7 years ago

Volume 18 Issue 8 - May 2013

  • Text
  • Choir
  • Toronto
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Includes the 2013 Canary Pages choral directory.

WAGNER AT 200: A Tribute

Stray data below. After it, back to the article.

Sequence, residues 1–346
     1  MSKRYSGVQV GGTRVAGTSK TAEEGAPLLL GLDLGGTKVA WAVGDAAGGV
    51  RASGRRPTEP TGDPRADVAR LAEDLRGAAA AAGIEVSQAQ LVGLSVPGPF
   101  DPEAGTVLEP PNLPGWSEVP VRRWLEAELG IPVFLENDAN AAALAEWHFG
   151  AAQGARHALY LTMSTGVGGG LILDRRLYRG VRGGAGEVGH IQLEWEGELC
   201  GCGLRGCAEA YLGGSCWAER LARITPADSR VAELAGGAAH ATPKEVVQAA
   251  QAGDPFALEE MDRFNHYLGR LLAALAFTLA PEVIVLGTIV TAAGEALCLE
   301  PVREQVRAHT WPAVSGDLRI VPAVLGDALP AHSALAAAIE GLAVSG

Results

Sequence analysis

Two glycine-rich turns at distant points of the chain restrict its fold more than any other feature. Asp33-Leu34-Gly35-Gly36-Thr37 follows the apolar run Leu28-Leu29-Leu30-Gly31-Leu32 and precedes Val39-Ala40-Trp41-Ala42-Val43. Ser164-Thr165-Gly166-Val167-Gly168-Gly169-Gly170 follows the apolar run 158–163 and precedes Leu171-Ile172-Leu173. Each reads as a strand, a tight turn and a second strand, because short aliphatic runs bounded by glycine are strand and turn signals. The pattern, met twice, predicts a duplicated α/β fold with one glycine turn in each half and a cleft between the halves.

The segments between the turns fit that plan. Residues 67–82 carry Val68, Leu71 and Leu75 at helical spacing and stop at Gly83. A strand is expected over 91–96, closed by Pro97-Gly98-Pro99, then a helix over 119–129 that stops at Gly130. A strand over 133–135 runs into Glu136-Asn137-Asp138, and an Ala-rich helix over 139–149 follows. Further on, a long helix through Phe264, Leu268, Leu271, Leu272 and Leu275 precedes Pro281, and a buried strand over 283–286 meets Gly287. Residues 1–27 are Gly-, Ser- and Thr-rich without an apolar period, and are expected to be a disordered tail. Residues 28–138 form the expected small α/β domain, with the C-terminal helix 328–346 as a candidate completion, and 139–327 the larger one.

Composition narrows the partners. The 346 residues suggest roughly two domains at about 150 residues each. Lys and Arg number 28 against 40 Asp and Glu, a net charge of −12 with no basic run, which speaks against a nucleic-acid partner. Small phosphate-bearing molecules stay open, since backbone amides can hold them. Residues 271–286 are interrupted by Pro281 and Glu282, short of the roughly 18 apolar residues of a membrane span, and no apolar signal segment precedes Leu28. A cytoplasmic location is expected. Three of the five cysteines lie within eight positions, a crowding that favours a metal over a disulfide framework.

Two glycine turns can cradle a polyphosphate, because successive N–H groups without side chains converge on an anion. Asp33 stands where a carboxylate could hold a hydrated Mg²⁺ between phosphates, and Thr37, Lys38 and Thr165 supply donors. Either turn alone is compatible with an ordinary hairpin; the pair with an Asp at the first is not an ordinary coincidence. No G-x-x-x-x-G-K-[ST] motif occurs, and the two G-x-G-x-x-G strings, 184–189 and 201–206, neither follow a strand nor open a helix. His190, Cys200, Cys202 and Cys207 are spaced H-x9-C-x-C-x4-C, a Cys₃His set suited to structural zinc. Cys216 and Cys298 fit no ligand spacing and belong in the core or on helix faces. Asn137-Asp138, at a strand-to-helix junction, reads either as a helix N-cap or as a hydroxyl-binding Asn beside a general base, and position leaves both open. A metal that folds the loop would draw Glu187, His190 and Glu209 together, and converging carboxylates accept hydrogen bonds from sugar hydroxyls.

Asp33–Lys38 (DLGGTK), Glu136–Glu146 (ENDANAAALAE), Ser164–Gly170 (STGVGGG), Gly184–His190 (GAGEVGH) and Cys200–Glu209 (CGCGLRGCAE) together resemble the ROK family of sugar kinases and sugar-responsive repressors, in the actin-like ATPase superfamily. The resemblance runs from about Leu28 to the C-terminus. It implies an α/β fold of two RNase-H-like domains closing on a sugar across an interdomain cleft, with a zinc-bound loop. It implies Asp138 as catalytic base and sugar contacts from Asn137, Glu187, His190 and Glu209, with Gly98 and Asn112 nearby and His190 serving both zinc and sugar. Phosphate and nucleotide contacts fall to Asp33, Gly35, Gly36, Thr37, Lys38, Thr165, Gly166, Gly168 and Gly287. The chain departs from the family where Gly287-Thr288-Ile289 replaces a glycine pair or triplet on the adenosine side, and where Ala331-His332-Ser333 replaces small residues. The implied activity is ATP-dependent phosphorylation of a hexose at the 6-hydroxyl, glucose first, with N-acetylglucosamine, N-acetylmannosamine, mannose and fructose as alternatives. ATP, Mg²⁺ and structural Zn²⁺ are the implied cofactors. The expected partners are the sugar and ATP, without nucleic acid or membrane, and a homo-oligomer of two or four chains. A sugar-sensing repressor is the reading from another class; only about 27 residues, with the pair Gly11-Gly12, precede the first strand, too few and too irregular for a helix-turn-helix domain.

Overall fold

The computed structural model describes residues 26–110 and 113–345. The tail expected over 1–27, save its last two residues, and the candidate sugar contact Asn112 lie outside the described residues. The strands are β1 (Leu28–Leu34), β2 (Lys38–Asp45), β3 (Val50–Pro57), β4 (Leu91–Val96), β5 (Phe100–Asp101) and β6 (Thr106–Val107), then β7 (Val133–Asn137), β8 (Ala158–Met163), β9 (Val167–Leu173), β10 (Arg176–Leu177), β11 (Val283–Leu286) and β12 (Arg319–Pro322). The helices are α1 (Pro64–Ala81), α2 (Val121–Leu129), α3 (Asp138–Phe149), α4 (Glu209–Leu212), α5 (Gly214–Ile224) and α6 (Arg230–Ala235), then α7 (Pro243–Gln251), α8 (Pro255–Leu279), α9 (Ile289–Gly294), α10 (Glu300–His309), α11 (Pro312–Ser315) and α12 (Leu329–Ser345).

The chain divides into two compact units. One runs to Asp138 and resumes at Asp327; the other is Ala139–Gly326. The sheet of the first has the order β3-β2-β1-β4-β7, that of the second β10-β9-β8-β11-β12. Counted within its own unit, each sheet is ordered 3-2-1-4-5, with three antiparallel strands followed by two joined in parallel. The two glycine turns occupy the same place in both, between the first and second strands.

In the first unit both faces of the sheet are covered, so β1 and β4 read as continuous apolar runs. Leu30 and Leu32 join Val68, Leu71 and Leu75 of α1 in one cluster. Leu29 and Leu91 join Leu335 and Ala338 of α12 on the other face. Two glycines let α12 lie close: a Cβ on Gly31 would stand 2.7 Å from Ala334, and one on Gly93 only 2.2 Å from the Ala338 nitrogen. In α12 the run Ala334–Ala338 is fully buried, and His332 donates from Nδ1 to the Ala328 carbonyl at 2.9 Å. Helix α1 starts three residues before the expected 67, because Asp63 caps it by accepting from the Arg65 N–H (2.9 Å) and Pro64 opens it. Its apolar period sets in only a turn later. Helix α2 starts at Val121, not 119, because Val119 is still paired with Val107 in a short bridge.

WAGNER AT 200: A Tribute continued from page 9Fischer-Dieskau, Christa Ludwig, Gottlob Frick, Vienna Philharmonic;Rudolf Kempe; EMI 7 49017 8, 3 CDsUnexpected events now interfered. When therevolutions breaking out all over Europe reachedDresden, Wagner, very much a revolutionaryhimself, took an active part on the losing side.In 1849 cruel repression by the Saxon state forcedhim to escape in the night in disguise and seekasylum in Switzerland. Totally deprived of themeans of existence, despondent, living onborrowed money from Franz Liszt who became his friendand supporter, he fell under the spell of Schopenhauer’sphilosophy, Buddhism and later Nietzsche, and buriedhimself in the study of ancient German history,namely the Niebelungen Lied, an anonymous epicdating back to the time of Attila the Hun, and itshero Siegfried. Spurred into action again he wrotethe text Siegfrieds Tod (Siegfried’s Death) andworking backwards in time, more and more intomythology, he wrote the texts for the threepreceding dramas. Much encouraged by Liszthe began composing his magnum opus, DerRing des Nibelungen, now in proper sequence,and by 1856 he finished the score of Das Rheingold,Die Walküre and first two acts of Siegfried.At this instant however the score was laid to rest,the result of new life changing events. >>Der Ringdes Nibelungen: Birgit Nilsson, Wolfgang Windgassen,Hans Hotter, Gustav Neidlinger, George London et al;Vienna Philharmonic; Sir Georg Solti, Decca 455-555, 14 CDsRichard Wagner,Vienna, 1862.In 1857 Wagner and Minna were guests of awealthy Zurich industrialist Otto Wesendonk whosewife Mathilde was a beautiful, talented and musicalwoman with whom Wagner fell in love. Thispassionate and ultimately doomed love affairinspired Tristan und Isolde, a music drama thattranscended everything he’d done before. Its newchromatic world broke through conventionaltonality and changed the course of Western music with far reachingeffects on Liszt, Berlioz and even Debussy and Scriabin. No atonal musiccould possibly have happened without Tristan. Unresolved, unconsummatedpassion is the underlying essence and torment of Tristan andonly death (“Liebestod”) can finally resolve the misery into the harmonyof long-awaited tonality. All these events took their toll on his alreadyteetering marriage. By the time he was pardoned and able to return toGermany in 1862 Minna left him, but Wagner never abandoned theresponsibility of her welfare until her death. >>Tristan und Isolde:Nina Stemme; Placido Domingo; Mihoko Fujimora; René Pape; RoyalOpera House, Covent Garden; Antonio Pappano EMI 5 58006-2, 3 CDsUpon his return to Germany, and almost as acatharsis from Tristan, his mind turned again tothe Middle Ages, but this time to a much happiersubject, a comedy based on the archaic guildsystem and a new kind of artist, a poet/composertrying to establish himself by entering a singingcontest. Die Meistersinger von Nürnberg iscentred on a romantic love story and the music isin a major key, a glorious C major, the complete opposite to Tristan. Interestinglyenough the real hero is Hans Sachs, an elderly master of greattalent, intellect, wisdom and a widower also attracted to the heroine, butbeing too old for her, has to give her up. It is obvious that Wagner himselfis Hans Sachs at this point longing for a kindredspirit, a younger woman who will shortly appearon the scene. >>Die Meistersinger von Nürnberg;Dietrich Fischer-Dieskau; Caterina Ligendza;Christa Ludwig; Placido Domingo; Berlin StateOpera; Eugen Jochum; DG 415 278-2 4 CDsSuccess and financial remuneration were slowin coming. Tannhäuser in Paris in 1861 was adismal failure, riots disrupted the performance and the show had to beshut down almost at once. >>Tannhäuser, Paris version: René Kollo,Helga Dernesch, Hans Sotin, Christa Ludwig, Vienna State OperaChorus and Orchestra; Sir Georg Solti; LONDON 414 581-2 3CDsBut all of a sudden in 1864, as if by divineintervention, an emissary appeared at Wagner’sdoorstep from Ludwig II, King of Bavaria, whobecame so enamoured of his work that he offeredto give him unlimited financial support and bringhim to his Court in Munich. This “miracle”enabled Wagner to complete the Ring(the final act of Siegfried and theentire Götterdämmerung) andbring his longtime dream ofbuilding a festival theatreperforming his works only,under his creative control and by his specifications,to fruition. Court intrigues, however,interfered mainly because of the king’s extravagancein nearly bankrupting the state andWagner’s new liaison with Cosima von Bülow,25 years his junior and Liszt’s daughter, marriedto Hans von Bülow, a noted conductor. Wagnerhad to retreat again to Switzerland, to Lucerne in arented villa called Triebschen where he continuedto work, live with and marry Cosima (1870) who borehim a number of children, until he was able to moveto Bayreuth where his Festspielhaus was built. In 1876it opened with the complete Ring to an invited audience ofnotables from all over Europe, including royalty and even theKaiser of the newly united Germany.The real message of the Ring goes far beyond mythology. It encompassesthe whole of society at the rise of capitalism. The ruthlessacquisition of wealth creates plutocracy that renounces love (Alberich)and enslaves the working class (Nibelungs). The decadent aristocracy(Gods) eventually self-destructs and mankind can only be redeemed bya new kind of human who is free (Siegfried), embraces and even diesfor love (Brunnhilde’s self-immolation). To illustrate this real meaning,French director Patrice Chereau created a revolutionary new vision in1976 for the first time in 100 years, the Centennial Bayreuth Ring. >>DerRing des Nibelungen: Gwyneth Jones, Donald McIntyre, Peter Hoffmann,Jeannine Altmeyer, Manfred Jung et al; BayreutherFestspiele 1976; Pierre Boulez; Philips 475 7960 12 CDs, also on DVDWagner’s remaining years were bathed in glorywith his family, Liszt, and friends such as HerrmannLevy who conducted Parsifal, Wagner’s lastutterance in music drama. Here Wagner returned tohis favourite theme of the Holy Grail, a monumentto Christianity that no one has equalled before orsince. The main ideas behind Parsifal are temptationby evil, original sin and its punishment,redemption by an innocent, fearless youth, a “holy fool” (Parsifal) whocan conquer the evil (Klingsor) and redeem the sinners (King Amfortasand Kundry) upon whom he purifies the Order and becomes the newking of the Knights of the Holy Grail. Wagner’s Parsifal was indeed acrowning achievement, a “revelation in music drama,” to quote Liszt,his father-in-law who survived him by three years. Wagner died onFebruary 13, 1883, in Venice where he and his family moved for healthreasons, not quite 70. Cosima wouldn’t leave his side, refusing to eat fortwo days; however she survived her husband by many years, took overthe Bayreuth festival and died in 1931, at age 93. >>Parsifal: PlacidoDomingo, Falk Struckmann, Waltraud Meier, Franz-Josef Selig et al;Vienna State Opera; Christian Thielemann, DG 477 6006 4 CDsIn spite of the many controversies surrounding Wagner during hislifetime and ever since, his immeasurable achievement in music andtheatre and his enormous influence on the future of his art ensure hima place in Parnassus.Janos Gardonyi is a frequent contributor to DISCoveries.66 | May 1 – June 7, 2013